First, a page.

Both she and her husband, their parents and siblings all graduated from Somerset and are products of a good public education, Schachtner said. She also loves policy, is goal-oriented and a big believer of implementing a vision to get results.

“I love the community of Somerset,” Schachtner said. “I really do. I want what’s best for the community.”

Schachtner has had experience serving on a town board and has been involved in the community over the years. She hopes to help the district plan for responsible growth if elected.

“If we want our students to be competitive, we have to invest in them. It’s that simple,” Schachtner said.

Inspiring youth to stay here and work in St. Croix County instead of leaving the area after receiving their educations is key, Schachtner said. She noted that many residents of the towns surrounding Somerset may live here, but work across the border in Minnesota.

Schachtner credits her own career success to WITC, where she started in the EMS field and later earned a hands-on teaching certificate, among other credentials.

Her time in the schools

Besides missing her coworkers in the school district, Schachtner spoke fondly of a group of students she calls her “lunch crew,” an “eclectic” group of kids who came in to see her every day at lunch. She said they would discuss everything under the sun. For example, recently they all watched a YouTube video to teach themselves to whistle with their fingers.

“It’s those kinds of relationships that you develop with kids,” Schachtner said. “I will miss that because with the ME’s office, the relationships I develop are out of tragedy, and at school was always joy and happiness. So it was a good balance for me to do both.”

Schachtner is proud of her work with last year’s Running of the Spartans, a district-wide walk/run that was possible due to collaboration with the Lakeview Foundation’s PowerUp initiative. She said the run raised close to $20,000, which will be used throughout different district departments to raise mental health awareness.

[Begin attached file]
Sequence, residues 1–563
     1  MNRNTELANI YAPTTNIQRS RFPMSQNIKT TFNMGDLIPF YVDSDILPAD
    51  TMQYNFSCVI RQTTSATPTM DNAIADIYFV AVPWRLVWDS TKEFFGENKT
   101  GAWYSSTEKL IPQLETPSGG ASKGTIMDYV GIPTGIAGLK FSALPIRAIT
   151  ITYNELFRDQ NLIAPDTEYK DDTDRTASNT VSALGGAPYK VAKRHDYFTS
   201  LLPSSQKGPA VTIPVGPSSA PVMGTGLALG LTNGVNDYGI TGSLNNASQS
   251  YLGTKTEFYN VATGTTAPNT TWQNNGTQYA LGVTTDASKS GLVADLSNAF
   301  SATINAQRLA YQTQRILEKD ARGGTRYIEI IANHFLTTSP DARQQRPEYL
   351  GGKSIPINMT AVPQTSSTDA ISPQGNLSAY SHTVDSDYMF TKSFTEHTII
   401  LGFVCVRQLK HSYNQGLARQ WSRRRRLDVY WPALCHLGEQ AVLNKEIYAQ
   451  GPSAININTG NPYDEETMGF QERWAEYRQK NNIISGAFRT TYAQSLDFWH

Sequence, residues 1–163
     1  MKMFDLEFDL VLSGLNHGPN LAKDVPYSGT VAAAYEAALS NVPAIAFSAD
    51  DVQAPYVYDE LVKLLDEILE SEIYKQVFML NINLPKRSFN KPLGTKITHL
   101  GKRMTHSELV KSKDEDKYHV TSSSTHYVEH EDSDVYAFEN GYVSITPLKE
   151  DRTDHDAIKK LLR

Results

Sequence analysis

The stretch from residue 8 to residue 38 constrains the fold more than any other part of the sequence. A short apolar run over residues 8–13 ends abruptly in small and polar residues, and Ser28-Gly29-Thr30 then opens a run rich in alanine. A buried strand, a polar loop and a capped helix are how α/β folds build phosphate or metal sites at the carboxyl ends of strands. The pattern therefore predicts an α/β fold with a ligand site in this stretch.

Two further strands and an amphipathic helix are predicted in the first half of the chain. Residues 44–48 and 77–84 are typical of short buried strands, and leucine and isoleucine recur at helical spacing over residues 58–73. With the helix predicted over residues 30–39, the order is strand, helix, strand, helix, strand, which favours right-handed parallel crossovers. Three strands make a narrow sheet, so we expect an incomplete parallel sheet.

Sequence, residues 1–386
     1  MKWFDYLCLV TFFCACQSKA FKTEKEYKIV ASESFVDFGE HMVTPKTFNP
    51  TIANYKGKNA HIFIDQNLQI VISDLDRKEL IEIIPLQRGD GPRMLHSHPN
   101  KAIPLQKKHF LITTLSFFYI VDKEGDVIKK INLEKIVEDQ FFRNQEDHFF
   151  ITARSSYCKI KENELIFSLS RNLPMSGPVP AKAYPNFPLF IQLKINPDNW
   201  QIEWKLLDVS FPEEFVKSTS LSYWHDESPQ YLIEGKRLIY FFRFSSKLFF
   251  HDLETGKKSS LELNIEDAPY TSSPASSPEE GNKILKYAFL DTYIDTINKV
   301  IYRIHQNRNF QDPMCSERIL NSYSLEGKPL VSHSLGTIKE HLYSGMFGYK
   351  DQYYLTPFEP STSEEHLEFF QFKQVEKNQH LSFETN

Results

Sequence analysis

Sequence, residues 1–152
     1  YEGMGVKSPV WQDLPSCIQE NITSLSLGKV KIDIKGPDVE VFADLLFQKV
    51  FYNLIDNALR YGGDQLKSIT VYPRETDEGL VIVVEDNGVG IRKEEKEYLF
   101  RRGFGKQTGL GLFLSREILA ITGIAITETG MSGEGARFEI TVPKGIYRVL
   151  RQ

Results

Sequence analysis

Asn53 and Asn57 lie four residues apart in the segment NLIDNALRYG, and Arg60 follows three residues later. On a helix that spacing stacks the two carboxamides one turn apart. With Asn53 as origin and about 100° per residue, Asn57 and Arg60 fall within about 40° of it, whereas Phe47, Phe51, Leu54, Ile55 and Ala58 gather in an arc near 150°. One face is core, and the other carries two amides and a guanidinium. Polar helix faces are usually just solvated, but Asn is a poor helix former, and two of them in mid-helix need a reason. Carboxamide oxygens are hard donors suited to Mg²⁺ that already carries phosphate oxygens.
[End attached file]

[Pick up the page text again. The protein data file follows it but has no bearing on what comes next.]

Schachtner had an array of responsibilities as the high school’s health care provider, dealing with everything from concussions and after care, diabetics, accidents, asthma and everyday ailments, plus teenage pregnancy, self harm and STDs.

“Being a teenager nowadays is complicated,” Schachtner said. “There’s a lot of stuff and a lot of pressure. I think the teeanagers at the school knew they could come talk to me.”

District Superintendent Randy Rosburg said the Board of Education held a closed session meeting concerning the high school health care provider position on Monday, Dec. 22, and decided to hire Christine Leyden to take Schachtner’s place.

The board wanted to discuss the position and make sure its credentials, skill sets and criteria were up to date, Rosburg said.

“We’re going to miss Patty Schachtner,” Rosburg said. “She did a great job and we wish her well in her departure. She did great things for us. Christine Leyden will move the program forward and the great things put in place.”

Schachtner said it’s been great fun watching the district change over the years.

“I was there through two state championships, which was awesome. I was there to see the music department grow and flourish,” Schachtner said. “Some great things have come out of Somerset.”

Sarah Nigbor

Sarah J. Nigbor serves as a regional editor for RiverTown Multimedia, a position she began in April 2017. She joined RiverTown Multimedia in October 2013 as a news reporter for the New Richmond News, before being appointed editor of the Pierce County Herald in February 2015. She graduated from the University of Wisconsin-River Falls with a Bachelor of Fine Arts in Spanish and French in 2001. She completed a minor in journalism in 2004.